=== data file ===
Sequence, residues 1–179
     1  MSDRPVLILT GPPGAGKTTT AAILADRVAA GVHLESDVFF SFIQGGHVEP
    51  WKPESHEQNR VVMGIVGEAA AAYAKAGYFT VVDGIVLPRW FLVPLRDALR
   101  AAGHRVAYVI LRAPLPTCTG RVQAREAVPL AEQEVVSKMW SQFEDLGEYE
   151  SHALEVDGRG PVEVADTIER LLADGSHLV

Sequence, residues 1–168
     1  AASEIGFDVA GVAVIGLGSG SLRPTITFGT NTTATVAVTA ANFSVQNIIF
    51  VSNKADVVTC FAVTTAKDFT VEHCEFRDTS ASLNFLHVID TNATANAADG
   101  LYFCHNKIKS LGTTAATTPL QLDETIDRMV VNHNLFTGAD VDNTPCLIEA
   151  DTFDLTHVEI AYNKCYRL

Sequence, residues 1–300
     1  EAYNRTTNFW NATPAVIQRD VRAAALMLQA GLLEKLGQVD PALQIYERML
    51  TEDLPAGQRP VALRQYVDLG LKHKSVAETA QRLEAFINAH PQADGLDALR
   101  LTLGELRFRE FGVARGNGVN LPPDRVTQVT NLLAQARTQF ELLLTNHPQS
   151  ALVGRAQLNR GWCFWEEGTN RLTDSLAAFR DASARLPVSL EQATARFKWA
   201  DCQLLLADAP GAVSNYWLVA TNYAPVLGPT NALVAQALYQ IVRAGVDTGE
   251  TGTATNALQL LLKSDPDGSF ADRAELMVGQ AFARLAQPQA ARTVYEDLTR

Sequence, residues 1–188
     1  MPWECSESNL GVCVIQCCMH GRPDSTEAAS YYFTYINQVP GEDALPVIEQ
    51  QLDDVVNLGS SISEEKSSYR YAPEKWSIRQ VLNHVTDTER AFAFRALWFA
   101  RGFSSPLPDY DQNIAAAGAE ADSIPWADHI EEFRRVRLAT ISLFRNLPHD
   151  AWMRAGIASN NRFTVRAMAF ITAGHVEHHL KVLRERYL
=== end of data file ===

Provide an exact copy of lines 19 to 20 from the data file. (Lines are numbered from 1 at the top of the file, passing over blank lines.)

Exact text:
     1  MPWECSESNL GVCVIQCCMH GRPDSTEAAS YYFTYINQVP GEDALPVIEQ
    51  QLDDVVNLGS SISEEKSSYR YAPEKWSIRQ VLNHVTDTER AFAFRALWFA